All rowing boats are shells, but some are called sculls and these are rowed by one rower, two rowers or four rowers.

The extra crew member in an eight person crew is the coxswain © Getty images

The extra crew member in an eight person crew is the coxswain © Getty images

A shell that is not a scull has can have two, four or eight rowers who each have only one oar.

It is called a sweep oar and the rower holds onto it with both hands. In this type of shell there can be two, four or eight rowers.

The coxswain steers a boat with an eight rowers

The eight-person crews have a coxswain (say cox'n) who steers the boat and directs the crew, but in all other boats one rower steers by controlling a small rudder with a foot pedal.

Shells are from 8 metres long for a single scull to about 20 metres for a crew of eight. They are made of high technology materials such as kevlar and graphite fibre. Some are made of ultra-thin plywood.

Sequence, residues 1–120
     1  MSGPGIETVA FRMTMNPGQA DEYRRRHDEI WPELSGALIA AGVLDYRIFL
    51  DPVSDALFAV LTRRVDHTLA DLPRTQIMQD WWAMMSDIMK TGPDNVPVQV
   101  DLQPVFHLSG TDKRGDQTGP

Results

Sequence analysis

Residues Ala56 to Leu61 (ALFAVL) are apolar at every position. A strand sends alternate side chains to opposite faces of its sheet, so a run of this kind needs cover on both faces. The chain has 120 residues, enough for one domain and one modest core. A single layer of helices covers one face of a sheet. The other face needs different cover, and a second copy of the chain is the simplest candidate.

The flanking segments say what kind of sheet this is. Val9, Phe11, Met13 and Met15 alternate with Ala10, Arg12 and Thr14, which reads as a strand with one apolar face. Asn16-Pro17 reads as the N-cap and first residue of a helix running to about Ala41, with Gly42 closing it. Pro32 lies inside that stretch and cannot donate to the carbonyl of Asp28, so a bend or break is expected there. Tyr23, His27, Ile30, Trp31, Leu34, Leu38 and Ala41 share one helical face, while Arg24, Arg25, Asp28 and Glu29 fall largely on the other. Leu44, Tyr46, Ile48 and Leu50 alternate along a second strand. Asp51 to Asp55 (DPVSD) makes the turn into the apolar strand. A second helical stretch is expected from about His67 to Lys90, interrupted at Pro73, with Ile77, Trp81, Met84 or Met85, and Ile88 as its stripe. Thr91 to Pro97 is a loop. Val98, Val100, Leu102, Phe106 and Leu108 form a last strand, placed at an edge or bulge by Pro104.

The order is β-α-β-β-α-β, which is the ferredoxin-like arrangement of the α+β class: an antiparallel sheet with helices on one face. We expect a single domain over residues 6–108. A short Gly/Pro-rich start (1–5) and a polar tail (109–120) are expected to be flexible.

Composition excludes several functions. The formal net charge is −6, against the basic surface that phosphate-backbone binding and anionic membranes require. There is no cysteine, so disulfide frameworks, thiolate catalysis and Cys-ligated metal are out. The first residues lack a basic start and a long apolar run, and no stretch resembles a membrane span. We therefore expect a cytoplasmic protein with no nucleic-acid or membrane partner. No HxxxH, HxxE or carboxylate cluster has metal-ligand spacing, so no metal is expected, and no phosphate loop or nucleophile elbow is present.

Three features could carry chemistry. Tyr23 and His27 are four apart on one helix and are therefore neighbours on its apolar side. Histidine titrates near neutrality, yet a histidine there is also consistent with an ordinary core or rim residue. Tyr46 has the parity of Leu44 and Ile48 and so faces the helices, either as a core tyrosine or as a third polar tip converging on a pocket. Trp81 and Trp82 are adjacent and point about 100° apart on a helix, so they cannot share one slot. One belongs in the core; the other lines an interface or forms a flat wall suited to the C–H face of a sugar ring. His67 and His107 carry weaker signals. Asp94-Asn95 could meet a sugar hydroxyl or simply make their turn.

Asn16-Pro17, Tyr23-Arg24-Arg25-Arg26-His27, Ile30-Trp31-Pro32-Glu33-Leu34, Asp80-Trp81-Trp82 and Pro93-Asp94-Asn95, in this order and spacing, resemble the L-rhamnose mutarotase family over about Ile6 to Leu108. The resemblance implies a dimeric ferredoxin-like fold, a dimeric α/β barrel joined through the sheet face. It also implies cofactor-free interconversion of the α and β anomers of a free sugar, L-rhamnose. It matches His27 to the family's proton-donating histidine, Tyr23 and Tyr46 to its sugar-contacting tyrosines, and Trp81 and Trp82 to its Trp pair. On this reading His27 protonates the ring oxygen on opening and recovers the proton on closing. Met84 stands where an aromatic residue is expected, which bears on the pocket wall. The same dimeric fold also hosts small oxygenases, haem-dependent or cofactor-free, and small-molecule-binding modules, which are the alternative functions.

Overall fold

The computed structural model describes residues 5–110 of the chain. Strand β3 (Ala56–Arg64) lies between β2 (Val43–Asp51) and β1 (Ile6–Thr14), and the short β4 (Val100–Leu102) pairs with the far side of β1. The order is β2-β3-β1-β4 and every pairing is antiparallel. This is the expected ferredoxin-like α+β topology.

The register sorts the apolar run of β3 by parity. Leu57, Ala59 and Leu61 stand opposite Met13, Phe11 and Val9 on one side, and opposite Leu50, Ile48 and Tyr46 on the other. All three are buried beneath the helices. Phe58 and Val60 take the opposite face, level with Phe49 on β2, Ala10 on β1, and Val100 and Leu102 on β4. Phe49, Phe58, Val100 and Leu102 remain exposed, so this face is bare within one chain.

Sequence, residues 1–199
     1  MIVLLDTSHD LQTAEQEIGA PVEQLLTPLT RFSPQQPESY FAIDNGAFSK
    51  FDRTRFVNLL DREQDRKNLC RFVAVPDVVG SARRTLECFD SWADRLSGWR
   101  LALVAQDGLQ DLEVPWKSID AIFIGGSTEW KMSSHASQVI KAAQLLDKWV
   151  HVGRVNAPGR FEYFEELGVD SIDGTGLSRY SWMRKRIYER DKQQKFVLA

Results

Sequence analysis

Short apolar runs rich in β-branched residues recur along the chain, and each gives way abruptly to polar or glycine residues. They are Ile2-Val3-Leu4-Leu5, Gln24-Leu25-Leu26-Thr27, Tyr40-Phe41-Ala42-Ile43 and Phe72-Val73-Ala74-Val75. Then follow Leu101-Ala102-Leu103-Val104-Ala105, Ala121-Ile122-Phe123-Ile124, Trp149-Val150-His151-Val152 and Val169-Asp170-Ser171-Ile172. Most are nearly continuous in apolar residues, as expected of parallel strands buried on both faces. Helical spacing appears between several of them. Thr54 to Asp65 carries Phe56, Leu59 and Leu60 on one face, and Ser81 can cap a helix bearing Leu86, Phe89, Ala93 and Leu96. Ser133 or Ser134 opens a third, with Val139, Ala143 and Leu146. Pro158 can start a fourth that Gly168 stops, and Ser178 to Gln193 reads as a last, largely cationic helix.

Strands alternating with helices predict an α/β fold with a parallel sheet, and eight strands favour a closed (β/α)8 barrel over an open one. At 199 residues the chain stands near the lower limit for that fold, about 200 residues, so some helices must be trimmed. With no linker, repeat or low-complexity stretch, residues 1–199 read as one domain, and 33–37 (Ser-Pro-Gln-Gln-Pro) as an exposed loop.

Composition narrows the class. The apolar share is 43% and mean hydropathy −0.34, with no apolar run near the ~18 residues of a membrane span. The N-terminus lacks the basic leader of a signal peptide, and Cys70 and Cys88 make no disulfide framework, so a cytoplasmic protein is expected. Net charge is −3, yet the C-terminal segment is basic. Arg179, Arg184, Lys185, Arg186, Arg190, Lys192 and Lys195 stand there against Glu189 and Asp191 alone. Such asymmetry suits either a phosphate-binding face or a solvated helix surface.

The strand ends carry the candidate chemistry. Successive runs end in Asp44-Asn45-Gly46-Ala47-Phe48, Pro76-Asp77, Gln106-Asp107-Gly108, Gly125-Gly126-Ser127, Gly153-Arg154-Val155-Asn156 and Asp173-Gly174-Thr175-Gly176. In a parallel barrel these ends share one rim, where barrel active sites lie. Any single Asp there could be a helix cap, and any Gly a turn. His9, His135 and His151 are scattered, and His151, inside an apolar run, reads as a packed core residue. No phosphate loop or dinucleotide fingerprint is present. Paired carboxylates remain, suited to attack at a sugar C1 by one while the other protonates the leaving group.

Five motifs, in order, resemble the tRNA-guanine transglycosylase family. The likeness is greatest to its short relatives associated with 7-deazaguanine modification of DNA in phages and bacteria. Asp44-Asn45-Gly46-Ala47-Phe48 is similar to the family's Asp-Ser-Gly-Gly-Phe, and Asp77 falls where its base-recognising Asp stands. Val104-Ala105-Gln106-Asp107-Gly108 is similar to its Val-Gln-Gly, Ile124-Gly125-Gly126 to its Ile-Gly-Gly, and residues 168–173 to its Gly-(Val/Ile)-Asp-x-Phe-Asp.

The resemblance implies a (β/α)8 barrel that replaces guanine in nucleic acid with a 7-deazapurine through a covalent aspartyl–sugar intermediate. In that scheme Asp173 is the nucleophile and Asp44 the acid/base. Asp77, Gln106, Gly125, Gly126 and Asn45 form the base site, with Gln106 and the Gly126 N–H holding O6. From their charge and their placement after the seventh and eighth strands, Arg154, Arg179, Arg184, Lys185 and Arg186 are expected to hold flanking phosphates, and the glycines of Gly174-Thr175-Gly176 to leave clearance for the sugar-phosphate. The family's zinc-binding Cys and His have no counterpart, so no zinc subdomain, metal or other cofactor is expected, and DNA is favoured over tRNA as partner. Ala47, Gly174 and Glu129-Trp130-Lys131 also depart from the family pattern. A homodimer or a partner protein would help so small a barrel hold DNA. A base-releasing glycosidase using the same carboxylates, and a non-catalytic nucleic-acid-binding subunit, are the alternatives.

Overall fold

A quadruple scull has four rowers without a coxswain. ©Getty Images

A quadruple scull has four rowers without a coxswain. ©Getty Images

 

Rowing at the Olympics

There are rowing events for single rowers, doubles and fours, as well as crews of eight. The competition is for both men and women.

History of rowing

  • The ancient Chinese may have been the first people to race in longboats.
  • In Egypt, as long ago as 2500 B.C. oared barges were raced on the Nile River.
  • The ancient Greeks and Romans travelled in huge rowing boats called 'galleys'.
  • Rowing became an Olympic sport for men in 1900 and for women in 1976. Races are held over a 2000 metre course.

 

Read more about Olympic rowing

http://www.olympic.org/rowing

Watch a video to see how a racing shell is made

http://wn.com/how_it's_made_rowboat_racing_shells